by Brian Erickson, Vice President of Fixed Income Research and Strategy, Ameriprise Financial
- After a difficult 2018 for bond investors, the market has changed.
- Higher-quality bonds now generate more attractive yields.
- This may be the time to revisit your income portfolio to reshape income portfolios around high quality fixed income.
Rising yields cast a pall over fixed income markets in 2018 as bond prices fell and fixed income returns ended the year in the red. It’s important for bond investors to remember that, in general, as yields rise, the price of bonds fall. Because yields trended higher, the Bloomberg Barclays U.S. Aggregate Bond Index (U.S. Aggregate) produced a -1.8% total return year-to-date through November 2018.
Looking for silver linings
There’s a silver lining, though, for income investors. The yield on the U.S. Aggregate Bond Index, which is backed by high-quality fixed income assets, including U.S. Treasury securities, agency-issued debt and investment grade corporate bonds, rose to 3.5% at the end of November 2018, up from 2.7% at the end of 2017. The good news for investors is that reasonable levels of income have officially returned to the high-quality fixed income market. This translates to greater opportunities to capture attractive yields with less risk.
For most of the past decade, Federal Reserve monetary policy depressed interest rates and made income investing a challenge. Since the end of 2010, the yield on the U.S. Aggregate Index averaged just 2.4%, ranging from a low of 1.6% in 2012 to 3.6% in November 2018. Looking ahead, we believe core bond yields may peak in 2019 or 2020. This could provide a window for income-oriented investors to reinvest in high-quality core fixed income instruments, just as market volatility picks up.
Strategies for bond portfolios in today’s environment
We recommend constructing income portfolios around three types of investments: core fixed income, lower-quality fixed income assets, and dividend-paying equities. Of the three, we believe core fixed income investments serve as the foundation, with the other two elements layered in based on an individual investor’s risk tolerance level.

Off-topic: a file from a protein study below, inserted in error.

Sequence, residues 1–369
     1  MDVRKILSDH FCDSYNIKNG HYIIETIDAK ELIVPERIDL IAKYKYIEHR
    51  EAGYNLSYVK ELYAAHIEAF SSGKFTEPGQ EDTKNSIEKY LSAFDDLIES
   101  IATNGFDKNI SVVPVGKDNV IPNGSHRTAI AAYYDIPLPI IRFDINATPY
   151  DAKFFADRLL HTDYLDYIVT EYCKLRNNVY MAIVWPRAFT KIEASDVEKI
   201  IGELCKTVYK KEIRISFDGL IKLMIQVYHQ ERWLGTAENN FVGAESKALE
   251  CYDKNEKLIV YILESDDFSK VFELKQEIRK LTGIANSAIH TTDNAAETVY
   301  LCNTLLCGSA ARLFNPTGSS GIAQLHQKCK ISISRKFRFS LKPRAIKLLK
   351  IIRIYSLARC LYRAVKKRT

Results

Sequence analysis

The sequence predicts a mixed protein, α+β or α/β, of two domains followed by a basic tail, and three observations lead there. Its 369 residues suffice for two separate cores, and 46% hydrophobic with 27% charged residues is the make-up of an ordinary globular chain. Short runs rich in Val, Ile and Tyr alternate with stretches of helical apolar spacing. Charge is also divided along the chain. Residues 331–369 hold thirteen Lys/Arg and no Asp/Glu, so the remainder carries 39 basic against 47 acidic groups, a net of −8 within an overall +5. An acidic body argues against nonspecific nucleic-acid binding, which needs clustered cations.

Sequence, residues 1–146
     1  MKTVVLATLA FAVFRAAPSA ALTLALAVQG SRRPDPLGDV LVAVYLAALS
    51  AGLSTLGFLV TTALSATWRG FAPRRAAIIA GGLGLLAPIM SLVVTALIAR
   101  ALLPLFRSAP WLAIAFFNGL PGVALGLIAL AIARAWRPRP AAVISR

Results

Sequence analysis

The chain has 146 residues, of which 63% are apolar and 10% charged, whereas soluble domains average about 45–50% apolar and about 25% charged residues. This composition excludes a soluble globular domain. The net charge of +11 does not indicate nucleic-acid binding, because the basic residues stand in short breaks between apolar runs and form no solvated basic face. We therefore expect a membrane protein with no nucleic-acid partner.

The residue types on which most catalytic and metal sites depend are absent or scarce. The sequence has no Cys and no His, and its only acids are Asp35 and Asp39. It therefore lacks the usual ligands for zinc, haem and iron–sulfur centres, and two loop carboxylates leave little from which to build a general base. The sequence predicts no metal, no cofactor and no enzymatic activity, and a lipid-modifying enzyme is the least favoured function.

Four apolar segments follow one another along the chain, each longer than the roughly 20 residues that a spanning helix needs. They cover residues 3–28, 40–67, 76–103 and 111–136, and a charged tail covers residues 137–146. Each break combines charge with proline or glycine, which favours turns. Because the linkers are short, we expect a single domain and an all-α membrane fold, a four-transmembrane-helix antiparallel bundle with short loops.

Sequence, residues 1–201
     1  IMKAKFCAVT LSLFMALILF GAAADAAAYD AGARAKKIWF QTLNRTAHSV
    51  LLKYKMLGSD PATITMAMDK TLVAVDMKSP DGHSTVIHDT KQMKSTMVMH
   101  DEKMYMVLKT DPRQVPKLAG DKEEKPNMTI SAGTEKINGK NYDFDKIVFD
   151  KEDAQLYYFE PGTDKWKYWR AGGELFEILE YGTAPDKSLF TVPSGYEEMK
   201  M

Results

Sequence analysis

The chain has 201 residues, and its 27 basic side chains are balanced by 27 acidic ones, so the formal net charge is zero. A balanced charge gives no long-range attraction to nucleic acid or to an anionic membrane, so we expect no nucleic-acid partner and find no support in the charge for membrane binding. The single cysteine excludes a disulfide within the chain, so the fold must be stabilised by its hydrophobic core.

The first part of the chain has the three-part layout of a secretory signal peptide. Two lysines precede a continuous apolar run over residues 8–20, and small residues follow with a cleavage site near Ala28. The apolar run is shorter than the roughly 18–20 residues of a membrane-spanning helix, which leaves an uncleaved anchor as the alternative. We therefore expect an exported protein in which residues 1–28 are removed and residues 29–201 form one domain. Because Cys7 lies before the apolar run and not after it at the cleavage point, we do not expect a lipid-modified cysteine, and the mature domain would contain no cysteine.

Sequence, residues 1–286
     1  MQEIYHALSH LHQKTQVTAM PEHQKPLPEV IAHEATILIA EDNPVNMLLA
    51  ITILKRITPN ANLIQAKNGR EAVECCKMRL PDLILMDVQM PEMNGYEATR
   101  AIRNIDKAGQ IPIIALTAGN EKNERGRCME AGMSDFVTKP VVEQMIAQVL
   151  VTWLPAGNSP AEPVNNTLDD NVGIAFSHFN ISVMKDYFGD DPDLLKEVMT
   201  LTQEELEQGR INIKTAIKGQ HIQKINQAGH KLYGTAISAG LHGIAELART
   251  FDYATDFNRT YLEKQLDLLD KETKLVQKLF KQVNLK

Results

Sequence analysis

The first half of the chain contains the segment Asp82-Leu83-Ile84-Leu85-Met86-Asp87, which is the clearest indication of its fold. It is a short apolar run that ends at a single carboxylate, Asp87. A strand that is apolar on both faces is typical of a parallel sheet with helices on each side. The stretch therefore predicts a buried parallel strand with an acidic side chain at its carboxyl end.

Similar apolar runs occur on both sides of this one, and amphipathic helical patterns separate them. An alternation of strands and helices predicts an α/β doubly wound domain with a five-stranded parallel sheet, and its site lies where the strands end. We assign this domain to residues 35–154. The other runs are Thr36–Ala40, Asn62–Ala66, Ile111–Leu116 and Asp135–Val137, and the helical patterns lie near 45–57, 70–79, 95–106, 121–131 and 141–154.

Though dividend-oriented equities can generate both a stream of income and potential share-price growth, they add a degree of volatility you’d expect in the stock investments. Similarly, while fixed income options such as high yield bonds, senior secured loans, or emerging market bonds typically add higher yield and some diversification, they also come with greater default risk, which can mean the potential for loss of principal. As a result, we believe core fixed income should serve as the foundation; comprising the majority of assets in a conservatively diversified income-generating portfolio.
Time to consider a different approach
Income investing has been difficult over the past decade given the low interest rate (and subsequently, yield) environment. To the extent that investors took on greater risk to meet income objectives by increasing dividend-paying equity allocations, we believe now is the time to reverse course. At the end of 2012, the dividend yield generated by the Standard & Poor’s 500 Index1 stood at 2.2%, exceeding the 1.7% yield on the U.S. Aggregate Bond Index. At the end of November 2018, the yield on the U.S. Aggregate was 3.5%, nearly twice that of the 2% yield of the S&P 500. We recommend returning to core fixed income investments as an anchor for your income-generating allocations.
In addition, where investors took on greater risk when selecting fixed income assets or added leverage to generate greater yield, we believe now may be a prime opportunity to reduce risk in your portfolio. Not only are yields for core fixed income instruments attractive again, but they may also provide greater portfolio stability in what can typically be a volatile investment environment as the economic expansion winds down.
Strategy: Manage bond maturities
When implementing income strategies to weather market environments that may be on the horizon, we recommend considering the term, or maturity, of fixed income investments as well. For example, individual-security investors should consider a laddered strategy that extends 10 years or more to help protect income generation should the Federal Reserve reverse course and begin cutting interest rates again. This involves owning securities across different ranges of the maturity spectrum, from 1-year bonds to 10-year bonds, or even beyond that time horizon. Investors preferring bond funds, on the other hand, should consider core short- and intermediate-term fixed income strategies, layering in long-term fixed income funds once an economic slowdown materializes in the quarters ahead.
Revisit your bond strategy with your advisor
As we approach what we believe could be the peak in U.S. aggregate bond yields over the next two years, now is a good time to sit down with your financial advisor to review your income portfolio. Explore ways to ensure your asset mix is firmly grounded on a foundation of core fixed income to take advantage of the silver lining of today’s higher fixed income yields.